Clothing and Furniture:
Despite headline inflation moderating, inflation remains problematic. Headline inflation declined by .7% to 2.8% for the year in Norway, mostly attributed to falling clothing and furniture prices. Almost everything else went up in price, especially housing and food.
Norwegian CPI Basket:
According to the CPI basket below, a typical Norwegian, grossing around 44,000 NOK ($5300) per month spends 12% of his annual earnings on furniture, clothes, and shoes – every year. That is ca. 63,000 NOK or $7,500 annually! I asked around twenty people I know quite well, earning well above the average if they spent that much on those items. Looking at me like I was crazy, they all said something to the effect of “hell no.” Witnessing Norwegian inflation, at eye level, I believe that food prices have risen much more than the reported 2% year over year. For example, the cost of our subsidized lunches, in our company cafeteria, rose from 30 to 45 NOK.
Source: Statistics Norway Table 03013 Latest “Inflation Basket.”
Perhaps we are witnessing substitution in the inflation basket, exchanging steak for hotdogs and Tommy Hilfiger for Fretex (Norwegian Salvation Army). At street level, I noticed a lot of small boutiques shutting down and others offering aggressive discounts, trying to move expired merchandise. Therefore, the true inflation story and what to do about it is not being told. Productivity improvements, getting more done with the same resources, is the ultimate way to deal with inflation: not changing out leather loafers for plastic ones.
When inflation is demand driven, a slowing economy will moderate prices. However, that is not happening in Norway except for clothing and furniture where people are perhaps choosing IKEA instead of Ekornes. Supply side inflation, where import costs rise due to currency depreciation, cannot be moderated by forcefully slowing the economy. If a German sprocket costs €4 and the EURNOK is 7.5, or 30 NOK in total, and the Norwegians start having a bad day, the NOK falling to 8.5, the sprocket priced in Euro remains the same but increases to 34 NOK. The Germans will not discount if this item has worldwide demand. That is today’s Norwegian inflation story.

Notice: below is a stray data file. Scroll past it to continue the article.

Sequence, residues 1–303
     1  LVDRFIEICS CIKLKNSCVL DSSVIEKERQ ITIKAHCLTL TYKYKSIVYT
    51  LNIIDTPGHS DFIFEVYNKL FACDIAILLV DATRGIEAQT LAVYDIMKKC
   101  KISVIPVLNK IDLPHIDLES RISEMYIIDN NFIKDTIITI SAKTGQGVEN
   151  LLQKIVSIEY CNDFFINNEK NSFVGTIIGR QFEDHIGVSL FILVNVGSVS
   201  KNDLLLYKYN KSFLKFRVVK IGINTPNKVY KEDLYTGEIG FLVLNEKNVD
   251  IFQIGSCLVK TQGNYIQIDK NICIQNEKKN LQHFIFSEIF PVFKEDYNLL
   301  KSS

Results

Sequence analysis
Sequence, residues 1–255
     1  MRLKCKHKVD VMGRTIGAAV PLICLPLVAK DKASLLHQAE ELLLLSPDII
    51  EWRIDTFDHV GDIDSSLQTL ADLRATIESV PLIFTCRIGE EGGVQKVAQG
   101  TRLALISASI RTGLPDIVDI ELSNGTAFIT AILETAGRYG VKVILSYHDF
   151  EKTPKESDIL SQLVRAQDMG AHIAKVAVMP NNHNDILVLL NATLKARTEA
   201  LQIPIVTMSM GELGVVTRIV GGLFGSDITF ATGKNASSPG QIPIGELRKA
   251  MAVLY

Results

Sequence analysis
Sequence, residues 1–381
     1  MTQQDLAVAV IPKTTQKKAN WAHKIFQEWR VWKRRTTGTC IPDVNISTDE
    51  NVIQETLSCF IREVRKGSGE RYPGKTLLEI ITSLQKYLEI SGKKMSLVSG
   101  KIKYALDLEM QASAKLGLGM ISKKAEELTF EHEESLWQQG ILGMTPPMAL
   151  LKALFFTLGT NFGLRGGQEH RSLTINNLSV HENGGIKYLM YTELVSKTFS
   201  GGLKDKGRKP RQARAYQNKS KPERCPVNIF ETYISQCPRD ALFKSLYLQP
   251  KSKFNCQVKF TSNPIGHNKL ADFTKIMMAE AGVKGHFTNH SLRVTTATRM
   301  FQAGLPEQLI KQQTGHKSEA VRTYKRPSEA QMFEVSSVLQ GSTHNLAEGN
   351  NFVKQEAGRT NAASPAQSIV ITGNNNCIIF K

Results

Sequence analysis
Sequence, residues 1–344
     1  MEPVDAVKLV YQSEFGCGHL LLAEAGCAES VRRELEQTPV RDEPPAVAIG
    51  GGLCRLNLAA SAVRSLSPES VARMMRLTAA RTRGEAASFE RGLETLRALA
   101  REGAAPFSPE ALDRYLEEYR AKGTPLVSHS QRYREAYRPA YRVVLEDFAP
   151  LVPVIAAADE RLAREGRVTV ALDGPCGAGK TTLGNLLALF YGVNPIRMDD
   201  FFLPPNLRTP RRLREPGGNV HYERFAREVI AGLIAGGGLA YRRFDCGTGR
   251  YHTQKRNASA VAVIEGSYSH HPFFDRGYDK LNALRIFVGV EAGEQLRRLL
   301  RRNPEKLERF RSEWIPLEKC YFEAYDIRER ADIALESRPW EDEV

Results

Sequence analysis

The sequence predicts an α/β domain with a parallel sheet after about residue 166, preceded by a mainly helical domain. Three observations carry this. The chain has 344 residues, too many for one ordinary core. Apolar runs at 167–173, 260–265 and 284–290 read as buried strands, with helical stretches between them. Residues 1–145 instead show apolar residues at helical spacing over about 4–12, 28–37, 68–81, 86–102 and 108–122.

Real Interest Rates Remain Negative
The usual way Central Banks deal with any type of inflation is to raise interest rates, but Norges Bank “can’t:” otherwise they risk busting the housing market. Negative real rates mean that saving is losing, making it impossible for banks to build capital through deposits. It also calls into question the integrity of the currency and its’ ability to store value over the long term. Negative interest rates combined with a cashless society calls into question the meaning of banking itself.
Source: Statistics Norway and Norges Bank
A Good Question
So ask yourself the question: “What is a Bank?” (It is a place of high trust where people would store their cash and assets for safekeeping. If that can be done on a USB or in Dropbox, then why do you need a bank in the first place?) On the lending side, if they do not have deposits to loan out, they will not make money. The little cash they do have then becomes quite costly. Hence the case for person to person lending and gold.
So What Happens Next?
Norges Bank attempts to drive the economy by the numbers. They are apprehensive about raising rates, not to tip the “house of cards,” and reluctant to lower them, calling into question the NOK’s integrity. Hence, to slow the economy down the way they see it, we can expect new taxes, especially on the property, and let unemployment run (the truth behind Norway’s low unemployment figures), checking inflation. It is time to get defensive and learn to take care of yourself. The premise that the Oil Fund can save the day is now questionable as well. People must change their thinking. Saving is no longer greedy and “hoarding” as dictated by the pervasive socialist and liberal culture, but rather smart and necessary.
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